Risks facing industrial control systems reach all-time high

A study by the SANS Institute of hundreds of industrial control systems (ICS) practitioners and cyber security stakeholders across various vertical industries including energy, manufacturing, and oil and gas has revealed that 4 out of 10 ICS practitioners lack visibility into their ICS networks.

That means that 40% defenders are working blind unable to detect a cyber attack, find out where it is coming from and remediate it in a reasonable amount of time. That statistic is even scarier when you take into account that 67% say threats to the ICS systems are high, or severe and critical.

>See also: Need to ‘improve’ the cyber security in industrial control systems

When looking at what the perceived threats are, the top four in order are:

  • adding devices that can’t protect themselves to the network.
  • internal incidents spurred by accidental actions.
  • external threats from hacktivists and state-funded attacks.
  • extortion – including ransomware.

ICS cybersecurity threats are growing and identifying attacks continues to be a major challenge according to the annual SANS Institute industrial control systems (ICS) survey, co-sponsored by Nozomi Networks and other industry leaders.

It concluded that while there has been some progress in protecting critical assets and infrastructure, new challenges have emerged.

Four out of 10 ICS security practitioners lack visibility into their ICS networks, which is one of the primary impediments to securing these systems. Ransomware was newly identified as a top threat, along with the growing addition of devices to the network.

>See also: Hand in hand: cyber security and industry 4.0

Despite almost daily news coverage of recent attacks on unpatched systems, SANS found that only 46% of respondents regularly apply vendor-validated patches; and 12% neither patch nor layer controls around critical control system assets.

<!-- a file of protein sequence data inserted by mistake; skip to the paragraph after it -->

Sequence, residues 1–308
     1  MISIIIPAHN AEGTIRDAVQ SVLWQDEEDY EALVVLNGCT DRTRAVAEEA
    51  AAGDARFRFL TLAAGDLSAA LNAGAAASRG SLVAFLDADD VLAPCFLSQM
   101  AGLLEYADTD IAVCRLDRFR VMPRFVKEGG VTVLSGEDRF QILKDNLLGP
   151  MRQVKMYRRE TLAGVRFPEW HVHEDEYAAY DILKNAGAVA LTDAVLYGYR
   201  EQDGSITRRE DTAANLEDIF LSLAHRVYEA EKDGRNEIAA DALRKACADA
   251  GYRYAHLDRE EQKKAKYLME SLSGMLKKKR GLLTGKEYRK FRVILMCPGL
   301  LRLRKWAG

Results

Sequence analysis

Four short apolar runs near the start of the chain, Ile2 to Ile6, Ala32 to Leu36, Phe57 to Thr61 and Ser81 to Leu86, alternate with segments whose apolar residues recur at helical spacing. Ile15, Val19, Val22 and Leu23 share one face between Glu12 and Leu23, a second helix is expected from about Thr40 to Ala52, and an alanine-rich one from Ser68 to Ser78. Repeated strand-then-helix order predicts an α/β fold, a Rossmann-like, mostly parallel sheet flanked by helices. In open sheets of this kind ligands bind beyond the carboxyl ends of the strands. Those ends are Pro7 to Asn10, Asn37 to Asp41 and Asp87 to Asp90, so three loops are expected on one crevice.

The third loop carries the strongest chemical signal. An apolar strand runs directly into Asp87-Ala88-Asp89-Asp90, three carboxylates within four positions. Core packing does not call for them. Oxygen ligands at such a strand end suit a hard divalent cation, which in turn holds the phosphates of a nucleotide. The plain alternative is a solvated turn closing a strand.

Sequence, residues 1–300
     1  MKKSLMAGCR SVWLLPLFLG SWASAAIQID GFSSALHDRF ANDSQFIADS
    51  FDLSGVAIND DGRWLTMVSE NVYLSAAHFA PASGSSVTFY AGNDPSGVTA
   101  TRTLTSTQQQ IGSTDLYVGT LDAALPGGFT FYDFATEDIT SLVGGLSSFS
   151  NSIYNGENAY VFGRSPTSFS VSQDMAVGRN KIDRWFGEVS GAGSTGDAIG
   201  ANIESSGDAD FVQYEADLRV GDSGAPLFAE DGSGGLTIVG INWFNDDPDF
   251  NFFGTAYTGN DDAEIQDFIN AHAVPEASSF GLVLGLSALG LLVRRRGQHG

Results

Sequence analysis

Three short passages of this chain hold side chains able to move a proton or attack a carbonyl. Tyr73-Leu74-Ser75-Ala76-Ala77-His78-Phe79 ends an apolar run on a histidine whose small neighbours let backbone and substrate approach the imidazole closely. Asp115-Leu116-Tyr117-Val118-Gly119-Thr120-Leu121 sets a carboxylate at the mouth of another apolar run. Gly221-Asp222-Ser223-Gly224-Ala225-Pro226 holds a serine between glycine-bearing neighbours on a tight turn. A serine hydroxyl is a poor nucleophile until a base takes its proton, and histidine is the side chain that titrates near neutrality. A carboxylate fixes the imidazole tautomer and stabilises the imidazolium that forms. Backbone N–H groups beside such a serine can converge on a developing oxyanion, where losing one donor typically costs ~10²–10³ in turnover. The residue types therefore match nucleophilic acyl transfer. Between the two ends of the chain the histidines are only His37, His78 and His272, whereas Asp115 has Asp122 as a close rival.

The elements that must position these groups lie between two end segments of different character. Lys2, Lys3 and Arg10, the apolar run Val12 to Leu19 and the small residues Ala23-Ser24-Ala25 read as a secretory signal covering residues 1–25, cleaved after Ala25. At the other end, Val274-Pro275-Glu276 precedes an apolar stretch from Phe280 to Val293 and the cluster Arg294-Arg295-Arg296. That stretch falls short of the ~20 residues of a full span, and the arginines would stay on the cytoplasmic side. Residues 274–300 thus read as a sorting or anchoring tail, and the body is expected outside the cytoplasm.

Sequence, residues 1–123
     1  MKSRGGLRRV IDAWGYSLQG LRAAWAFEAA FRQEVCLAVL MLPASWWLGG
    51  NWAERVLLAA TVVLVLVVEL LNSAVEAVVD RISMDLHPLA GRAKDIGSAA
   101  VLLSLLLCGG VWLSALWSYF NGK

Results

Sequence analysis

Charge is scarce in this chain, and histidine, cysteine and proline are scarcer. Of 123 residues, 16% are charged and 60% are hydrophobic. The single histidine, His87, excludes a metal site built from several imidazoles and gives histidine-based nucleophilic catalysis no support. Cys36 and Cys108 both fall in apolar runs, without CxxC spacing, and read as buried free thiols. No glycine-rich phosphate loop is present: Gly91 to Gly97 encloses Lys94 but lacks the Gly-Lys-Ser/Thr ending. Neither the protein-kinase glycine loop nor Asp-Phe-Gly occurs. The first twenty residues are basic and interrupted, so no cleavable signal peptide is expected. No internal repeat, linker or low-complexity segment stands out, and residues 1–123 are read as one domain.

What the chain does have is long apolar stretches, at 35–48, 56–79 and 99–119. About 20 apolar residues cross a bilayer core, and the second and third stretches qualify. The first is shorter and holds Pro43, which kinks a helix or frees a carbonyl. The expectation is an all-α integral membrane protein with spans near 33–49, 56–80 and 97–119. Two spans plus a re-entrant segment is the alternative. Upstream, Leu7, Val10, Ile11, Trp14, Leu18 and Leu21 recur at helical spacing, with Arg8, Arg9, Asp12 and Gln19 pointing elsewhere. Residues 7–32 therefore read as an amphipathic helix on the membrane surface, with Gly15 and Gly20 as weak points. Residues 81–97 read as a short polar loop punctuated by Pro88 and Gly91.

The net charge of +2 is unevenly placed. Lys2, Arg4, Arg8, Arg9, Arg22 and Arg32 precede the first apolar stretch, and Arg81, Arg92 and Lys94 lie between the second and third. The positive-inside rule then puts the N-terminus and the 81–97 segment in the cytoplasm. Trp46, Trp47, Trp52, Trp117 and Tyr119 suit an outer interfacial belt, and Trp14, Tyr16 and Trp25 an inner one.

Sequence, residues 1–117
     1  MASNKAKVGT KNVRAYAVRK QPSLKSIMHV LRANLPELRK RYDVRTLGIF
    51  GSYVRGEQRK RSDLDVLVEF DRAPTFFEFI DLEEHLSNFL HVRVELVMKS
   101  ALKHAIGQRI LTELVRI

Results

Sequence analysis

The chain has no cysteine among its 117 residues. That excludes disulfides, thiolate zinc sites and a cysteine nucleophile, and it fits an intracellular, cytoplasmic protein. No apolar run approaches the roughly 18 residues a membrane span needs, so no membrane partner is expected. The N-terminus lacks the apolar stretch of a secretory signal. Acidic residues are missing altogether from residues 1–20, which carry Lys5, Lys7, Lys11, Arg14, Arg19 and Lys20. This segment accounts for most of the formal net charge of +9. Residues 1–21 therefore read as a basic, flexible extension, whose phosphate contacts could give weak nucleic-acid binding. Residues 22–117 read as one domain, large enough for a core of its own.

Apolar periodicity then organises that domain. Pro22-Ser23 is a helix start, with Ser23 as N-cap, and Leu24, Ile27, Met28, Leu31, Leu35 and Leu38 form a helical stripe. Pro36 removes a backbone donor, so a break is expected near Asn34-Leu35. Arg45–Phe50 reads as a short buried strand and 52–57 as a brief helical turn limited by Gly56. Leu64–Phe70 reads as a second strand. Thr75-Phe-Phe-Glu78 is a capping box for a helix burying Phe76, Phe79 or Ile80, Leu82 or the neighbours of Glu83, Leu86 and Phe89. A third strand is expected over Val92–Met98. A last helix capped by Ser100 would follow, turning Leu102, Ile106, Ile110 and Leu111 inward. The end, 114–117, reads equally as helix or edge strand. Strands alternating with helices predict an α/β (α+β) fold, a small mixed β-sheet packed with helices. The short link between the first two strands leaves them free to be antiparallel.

While reliability and availability remain the highest priority for OT systems, 69% of ICS security practitioners believe threats to the ICS systems are high or severe and critical.

“The survey confirms practitioners’ intent to move beyond the basics of prevention because industrial intrusion detection tops the list of new technologies they most want to implement,” said Andrea Carcano, Nozomi Networks co-founder and renowned SCADA cybersecurity pioneer. “It’s clear ICS cybersecurity is maturing as operators recognize the likelihood of infiltration and seek early warning to improve resiliency.”

“With more and more unprotected devices making their way into operational networks, and with ransomware, hacktivism and nation state attacks on the rise, owners of critical infrastructure can no longer afford to gamble with weaknesses in ICS security,” said Nozomi Networks CEO Edgard Capdevielle.

>See also: How legacy industrial equipment is vulnerable to attack

“Fortunately, CISOs are taking notice, security budgets are growing and a new generation of ICS security solutions is available to help. As an example, Nozomi Networks’ SCADAguardian was specifically designed to deliver the deep industrial network visibility and intrusion detection that survey respondents say they need. And SCADAguardian’s automated vulnerability assessment gives operators real-time access to device vulnerabilities, updates and patch requirements. As ICS experts, we understand the challenges operators face in securing their industrial networks, fortunately advances in technology are making it easier for them to reduce their risks and improve resilience.”

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Nick Ismail

Nick Ismail is a former editor for Information Age (from 2018 to 2022) before moving on to become Global Head of Brand Journalism at HCLTech. He has a particular interest in smart technologies, AI and...

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Cyber Attacks